I've seen many comments in various threads about not driving at night around GC or Utah parks but don't know the reasons why. Just curious. Thanks.
First, it's dark. Dark sky ordinances and distance from city lights make this part of the southwest darker at night than what you or your eyes are accustomed to.
Second is wildlife. All kinds, shapes and sizes. At dusk they begin their nocturnal wandering and invariably wind up along the road sides and in the road. Those that choose to eat roadkill will be right in the middle of the road. Larger beasts like deer and elk wander at a slower pace and leap into traffic unexpectedly. No one wins in a collision. Animals get injured or perish. Cars and people get hurt or banged up or worse. Regardless, it will spoil your vacation. Even running over a skunk will ruin the car and the rest of your time in it.
It might seem like a petty issue, but after you see a few carcasses on the road you realize that something bad happened the night before. We wouldn't all be dispensing the same advice if the danger wasn't real.
Third and just as important, you'll miss out on the incredible scenery that is the reason you are vacationing here in the first place. If your time is so short that you need to rush off somewhere at night, you need to scale back on the number of destinations or stops in your itinerary. Quality time at fewer places is better than rushing by more.
Lots and lots of wildlife. Deer, elk, coyotes and lots more, including wild turkeys at Zion.
If you choose to do it, slow down and have someone help you look out for animals close to the road.
Take animal-car collisions seriously. I hit a deer once, or, I should say, it hit me. It was in the dark of evening, and I never saw it. It was running across a four lane highway and it ran into the side of my car. It hit my car at the driver's door and the window post, and it rocked the car sideways. I stopped, could't open the driver's door, and when I did get out, it was a horrible scene. Damage to the car cost just over $6000 to repair, and the driver's door alway leaked after that.
Take all advice, and reduce your exposure and possibility.Edited: 30 December 2011, 11:11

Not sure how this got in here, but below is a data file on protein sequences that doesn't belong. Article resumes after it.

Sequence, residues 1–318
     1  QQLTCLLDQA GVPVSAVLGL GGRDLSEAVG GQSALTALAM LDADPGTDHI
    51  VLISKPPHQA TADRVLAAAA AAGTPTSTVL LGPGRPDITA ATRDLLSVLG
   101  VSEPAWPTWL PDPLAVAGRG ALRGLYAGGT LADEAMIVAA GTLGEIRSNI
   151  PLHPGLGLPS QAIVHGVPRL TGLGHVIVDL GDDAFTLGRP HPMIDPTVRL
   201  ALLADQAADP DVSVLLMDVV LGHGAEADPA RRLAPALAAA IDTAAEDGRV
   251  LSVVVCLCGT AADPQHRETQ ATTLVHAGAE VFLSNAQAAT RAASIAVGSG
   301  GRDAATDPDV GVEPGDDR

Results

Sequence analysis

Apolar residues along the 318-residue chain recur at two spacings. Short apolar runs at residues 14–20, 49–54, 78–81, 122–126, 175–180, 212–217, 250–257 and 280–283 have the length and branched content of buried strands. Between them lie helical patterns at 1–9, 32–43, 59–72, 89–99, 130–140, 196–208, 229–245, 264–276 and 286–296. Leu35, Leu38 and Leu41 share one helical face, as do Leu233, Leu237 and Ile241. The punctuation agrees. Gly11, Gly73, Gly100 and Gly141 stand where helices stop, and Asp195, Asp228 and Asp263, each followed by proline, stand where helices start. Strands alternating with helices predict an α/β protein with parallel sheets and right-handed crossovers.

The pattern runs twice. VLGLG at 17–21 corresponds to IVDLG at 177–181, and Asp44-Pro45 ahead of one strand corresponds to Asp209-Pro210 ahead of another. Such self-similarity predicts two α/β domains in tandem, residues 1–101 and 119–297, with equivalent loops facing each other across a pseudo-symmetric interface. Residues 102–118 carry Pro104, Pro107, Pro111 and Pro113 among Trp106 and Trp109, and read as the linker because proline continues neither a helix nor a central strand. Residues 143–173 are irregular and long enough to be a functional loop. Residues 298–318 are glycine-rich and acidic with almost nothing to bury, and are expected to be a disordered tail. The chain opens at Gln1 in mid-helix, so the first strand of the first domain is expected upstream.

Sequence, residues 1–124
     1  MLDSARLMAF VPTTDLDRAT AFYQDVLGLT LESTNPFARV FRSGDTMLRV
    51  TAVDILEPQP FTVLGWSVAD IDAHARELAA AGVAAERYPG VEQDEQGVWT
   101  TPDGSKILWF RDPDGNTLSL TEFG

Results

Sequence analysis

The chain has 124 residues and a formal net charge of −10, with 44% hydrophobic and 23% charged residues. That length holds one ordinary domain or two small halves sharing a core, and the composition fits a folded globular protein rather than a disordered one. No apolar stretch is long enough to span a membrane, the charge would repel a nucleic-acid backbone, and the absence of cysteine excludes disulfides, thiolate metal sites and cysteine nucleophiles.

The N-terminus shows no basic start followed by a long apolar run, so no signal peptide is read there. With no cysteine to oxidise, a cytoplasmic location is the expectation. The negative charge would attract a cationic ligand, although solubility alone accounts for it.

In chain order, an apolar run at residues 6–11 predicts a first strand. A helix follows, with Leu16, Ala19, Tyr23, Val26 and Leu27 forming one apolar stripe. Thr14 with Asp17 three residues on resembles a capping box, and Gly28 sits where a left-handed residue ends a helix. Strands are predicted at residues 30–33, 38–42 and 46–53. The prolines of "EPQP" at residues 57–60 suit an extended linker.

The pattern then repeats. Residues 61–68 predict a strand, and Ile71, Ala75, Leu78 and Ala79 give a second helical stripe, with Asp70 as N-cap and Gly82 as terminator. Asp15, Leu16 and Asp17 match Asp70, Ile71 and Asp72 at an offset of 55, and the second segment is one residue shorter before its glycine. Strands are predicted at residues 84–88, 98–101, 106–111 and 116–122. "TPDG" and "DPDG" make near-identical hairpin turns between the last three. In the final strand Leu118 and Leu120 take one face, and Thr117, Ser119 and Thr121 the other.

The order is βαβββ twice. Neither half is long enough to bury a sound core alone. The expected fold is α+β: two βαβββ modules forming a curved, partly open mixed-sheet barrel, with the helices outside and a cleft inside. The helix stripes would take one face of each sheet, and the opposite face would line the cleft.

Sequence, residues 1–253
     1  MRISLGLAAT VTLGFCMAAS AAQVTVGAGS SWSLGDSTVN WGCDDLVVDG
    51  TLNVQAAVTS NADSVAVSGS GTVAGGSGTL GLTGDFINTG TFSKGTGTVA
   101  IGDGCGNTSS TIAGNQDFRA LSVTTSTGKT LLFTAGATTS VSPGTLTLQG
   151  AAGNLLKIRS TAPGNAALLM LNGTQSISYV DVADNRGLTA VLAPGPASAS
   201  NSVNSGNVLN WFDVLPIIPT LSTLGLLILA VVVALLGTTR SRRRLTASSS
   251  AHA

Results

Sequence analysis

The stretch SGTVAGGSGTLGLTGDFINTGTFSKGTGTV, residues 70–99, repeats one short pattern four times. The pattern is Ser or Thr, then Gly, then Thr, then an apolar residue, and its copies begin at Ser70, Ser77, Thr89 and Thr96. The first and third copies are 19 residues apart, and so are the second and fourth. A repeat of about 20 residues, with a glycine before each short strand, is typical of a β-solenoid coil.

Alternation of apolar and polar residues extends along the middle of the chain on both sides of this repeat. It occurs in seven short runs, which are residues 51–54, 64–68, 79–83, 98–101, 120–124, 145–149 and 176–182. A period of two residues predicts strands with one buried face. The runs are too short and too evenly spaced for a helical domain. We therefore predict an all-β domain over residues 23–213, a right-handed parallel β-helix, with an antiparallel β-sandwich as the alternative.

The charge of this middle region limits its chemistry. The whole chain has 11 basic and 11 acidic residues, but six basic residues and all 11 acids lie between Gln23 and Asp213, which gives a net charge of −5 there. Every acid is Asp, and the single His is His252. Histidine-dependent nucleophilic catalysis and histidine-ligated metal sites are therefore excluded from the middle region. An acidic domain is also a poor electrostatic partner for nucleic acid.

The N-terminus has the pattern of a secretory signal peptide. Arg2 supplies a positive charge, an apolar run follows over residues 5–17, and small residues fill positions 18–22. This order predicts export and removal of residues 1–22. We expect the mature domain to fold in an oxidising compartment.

There's rarely a day when you're on the road on which you won't see several cases of roadkill, usually smaller animals, but if you've seen a car that's been hit my a deer, a cow, a horse or a wildboar, or anyhting else as hefty as that you'll appreciate the need to go much slower than during daylight hours. I never hesitate to drive at night, but I sure DO go much slower. You have to be particularly careful when you drive on the 'open range' or large stretches of the Rez, since cattle and horses are not fenced in there, you may see them right on the road - or not see them till it's too late, as it were, and this is the real problem. So extra-cautious driving is indeed a necessity.
Yes, the animals in the west can do some serious damage when in contact with your vehicle. If you drive at night, slow down and take extra caution. The same issues exist throughout the U.S., including many suburban areas. Avoid night driving, if you can. Be aware of the possible animal activity, if you must drive between dusk and dawn.
You see these comments here because a lot of people on this particular site are overly conservative when it comes to safety advise. Just be aware to keep an eye out for animals and drive carefully. And yes, I have a lot of experience driving at night where there's a lot of animals.
I agree with RedRox and others who advise not driving at night out there. If you choose to do so, slow way down. A running deer can move from your peripheral vision into the road in less time than it takes for you to react and hit the brakes. Be aware that auto insurance collision coverage doesn't cover accidents involving animals. Comprehensive cover is required for that.
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If you choose to drive at night, everyone in the car should be looking for animals. Be aware that a deer looking right at you may jump into your path.
However, I've had closer encounters with deer in suburban Chicago, Wisconsin and Williamsburg, Va , than in Arizona. Be forwarned, the possibility exists for animals in the roadway. Hitting an elk will be like driving straight into another car.
There's an interstate in Texas that has 80 mph for a maximum (I10). It's a straight shot but big signs say it's only 65 mph allowed in the dark. Guess why???